What is Dental Tourism?
Over the past few years, dental tourism has increased dramatically. As people become more aware of how they look, the desire to improve their appearance becomes a must. The word tourism conjures up foreign holidays abroad in relaxing locations. Companies have seized on this desire to improve our image, with our love of foreign travel and combined the two. Now travelling abroad for health care doesn’t sound so boring or scary.
Why do people choose dental tourism?
One of the main treatments advertised are dental implants. More and more people, of all ages, are wanting to have dental implants instead of dentures or bridges. The cost of having dental implants varies from practice to practice in the UK and can seem expensive compared to the cost of going abroad. The company’s offering the treatment abroad attract consumers with money-saving headlines and price comparisons with UK dental practitioners. The package offered will include travel costs and hotel stay, consultation and treatment costs. All will be advertised as much lower than UK costs and sound wonderful.
The reality will usually involve three visits to the clinic; consultation, surgery and restoration (crown, bridge or denture placement). The length of stay can vary from an over-night stay to a couple of weeks, depending on the turnaround time for the dental lab. Then you have to consider the travelling time and whether you take someone with you. All this adds up, especially if you are having to take time off work. There will also be extra costs, that aren’t included but essential; taxi’s to and from the airport both at home and abroad. Hotel accommodation and restaurant bills. There are also loss of earnings if you work.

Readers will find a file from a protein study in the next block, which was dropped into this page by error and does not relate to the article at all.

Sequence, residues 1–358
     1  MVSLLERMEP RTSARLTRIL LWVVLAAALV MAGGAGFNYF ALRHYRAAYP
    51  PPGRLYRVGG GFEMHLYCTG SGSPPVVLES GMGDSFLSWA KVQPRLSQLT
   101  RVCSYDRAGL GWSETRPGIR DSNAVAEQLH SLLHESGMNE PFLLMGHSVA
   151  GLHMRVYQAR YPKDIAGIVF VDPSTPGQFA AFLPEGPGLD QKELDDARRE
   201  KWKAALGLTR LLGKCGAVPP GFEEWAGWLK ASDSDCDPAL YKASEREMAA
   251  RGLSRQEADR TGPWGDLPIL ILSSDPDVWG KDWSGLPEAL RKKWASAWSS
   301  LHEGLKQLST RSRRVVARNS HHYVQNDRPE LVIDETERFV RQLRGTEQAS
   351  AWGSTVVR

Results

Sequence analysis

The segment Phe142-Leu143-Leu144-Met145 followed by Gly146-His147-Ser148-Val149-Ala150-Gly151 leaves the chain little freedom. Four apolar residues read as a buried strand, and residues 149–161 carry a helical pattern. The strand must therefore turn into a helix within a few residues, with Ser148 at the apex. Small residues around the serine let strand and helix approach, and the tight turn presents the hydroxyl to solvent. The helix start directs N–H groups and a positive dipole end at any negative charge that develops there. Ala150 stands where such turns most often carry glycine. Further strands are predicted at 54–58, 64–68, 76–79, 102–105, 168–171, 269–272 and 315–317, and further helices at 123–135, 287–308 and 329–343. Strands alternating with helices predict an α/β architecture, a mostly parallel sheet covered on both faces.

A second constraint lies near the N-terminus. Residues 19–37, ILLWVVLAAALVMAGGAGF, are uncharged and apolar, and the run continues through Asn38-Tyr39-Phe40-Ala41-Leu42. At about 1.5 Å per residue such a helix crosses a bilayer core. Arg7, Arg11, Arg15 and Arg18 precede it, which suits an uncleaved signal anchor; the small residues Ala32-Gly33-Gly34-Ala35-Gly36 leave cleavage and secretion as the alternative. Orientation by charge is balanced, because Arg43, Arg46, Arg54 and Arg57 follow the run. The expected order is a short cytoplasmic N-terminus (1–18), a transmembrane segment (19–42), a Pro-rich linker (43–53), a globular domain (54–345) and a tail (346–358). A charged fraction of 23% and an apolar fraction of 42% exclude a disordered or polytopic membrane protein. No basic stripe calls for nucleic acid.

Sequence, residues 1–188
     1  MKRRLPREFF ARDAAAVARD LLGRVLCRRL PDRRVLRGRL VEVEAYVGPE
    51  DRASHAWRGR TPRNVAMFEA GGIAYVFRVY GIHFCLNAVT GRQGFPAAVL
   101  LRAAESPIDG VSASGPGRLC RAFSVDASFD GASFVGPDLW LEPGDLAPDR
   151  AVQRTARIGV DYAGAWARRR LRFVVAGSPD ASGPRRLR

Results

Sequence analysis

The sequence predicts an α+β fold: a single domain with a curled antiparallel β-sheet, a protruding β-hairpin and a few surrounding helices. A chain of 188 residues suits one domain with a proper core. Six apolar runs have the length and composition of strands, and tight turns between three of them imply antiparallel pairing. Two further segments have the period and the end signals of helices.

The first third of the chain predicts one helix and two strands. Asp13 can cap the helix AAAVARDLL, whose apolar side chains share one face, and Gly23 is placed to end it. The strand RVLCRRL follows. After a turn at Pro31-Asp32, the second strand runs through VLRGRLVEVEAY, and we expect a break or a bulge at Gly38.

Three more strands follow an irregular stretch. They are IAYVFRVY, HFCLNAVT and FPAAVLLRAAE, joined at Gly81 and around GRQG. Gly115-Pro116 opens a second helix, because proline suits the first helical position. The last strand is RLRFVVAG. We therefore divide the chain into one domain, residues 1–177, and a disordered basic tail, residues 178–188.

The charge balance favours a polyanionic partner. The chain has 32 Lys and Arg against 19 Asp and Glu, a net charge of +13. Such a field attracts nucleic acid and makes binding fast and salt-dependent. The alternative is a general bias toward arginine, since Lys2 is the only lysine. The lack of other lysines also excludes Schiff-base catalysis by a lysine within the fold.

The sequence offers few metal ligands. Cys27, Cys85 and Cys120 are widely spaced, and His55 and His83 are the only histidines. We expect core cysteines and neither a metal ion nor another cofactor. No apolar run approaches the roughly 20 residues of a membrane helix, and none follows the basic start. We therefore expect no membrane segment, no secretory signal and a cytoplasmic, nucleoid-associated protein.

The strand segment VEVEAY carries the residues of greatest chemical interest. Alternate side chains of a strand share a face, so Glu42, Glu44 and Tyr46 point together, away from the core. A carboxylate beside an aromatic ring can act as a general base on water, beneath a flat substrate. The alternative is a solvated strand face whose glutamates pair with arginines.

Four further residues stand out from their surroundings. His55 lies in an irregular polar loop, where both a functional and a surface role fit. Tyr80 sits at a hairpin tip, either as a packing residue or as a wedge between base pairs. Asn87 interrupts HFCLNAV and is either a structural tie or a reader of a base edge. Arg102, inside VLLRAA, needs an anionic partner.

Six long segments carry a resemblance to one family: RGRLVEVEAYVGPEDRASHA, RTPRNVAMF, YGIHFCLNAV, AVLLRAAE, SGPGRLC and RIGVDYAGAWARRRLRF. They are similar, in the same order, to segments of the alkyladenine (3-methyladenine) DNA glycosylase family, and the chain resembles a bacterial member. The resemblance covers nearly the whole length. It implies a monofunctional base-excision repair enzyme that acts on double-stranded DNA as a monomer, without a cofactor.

Other factors to consider:
Flying home after implant placement
It is not advisable to fly following dental extractions or other major dental surgery. This is because the cabin pressure can increase the risk of bleeding. If this does happen the clinic may not accept any responsibility.
What happens if things go wrong?
A UK dentist will not take over or assume responsibility for any treatment carried out abroad. More than likely further travel will be required abroad.
Will the treatment be rectified free of charge?
How do you make a claim against a foreign dentist if things go wrong?
This is extremely difficult to do and very time-consuming. UK dentists are all registered with the GDC and carry their own indemnity insurance. Any problems with treatment are much easier to resolve.
Is the clinic as strictly regulated as ones in the UK?
Every clinic or dental practice has to be registered and inspected by the CQC. They monitor standards against set criteria which have to be met. These include infection control, health and safety and vetting the staff working there. It’s very easy to check these facts about a UK dental practice. Not so for a foreign one.
Does the clinician have the same level of insurance and training as a UK dentist?
Every dentist working in the UK has to have their own insurance. Anyone carrying out dental implant surgery must carry a higher level of insurance and be registered with the GDC as doing so. These insurance companies are based in the UK, their policies are written based on UK law and easy to contact if things go wrong. Contacting an insurance company abroad will be time-consuming and may not result in a positive outcome.
Are the implants and restorations used of the same quality as the ones used in the UK?
There are a lot of companies making and selling copies of dental implants. As clinics are not as closely regulated, many will use copies instead of the genuine implant. Some clinics will also use dental labs based in China where the materials used are often cheaper and not quality assured.
In the end, you get what you pay for. Always buy British.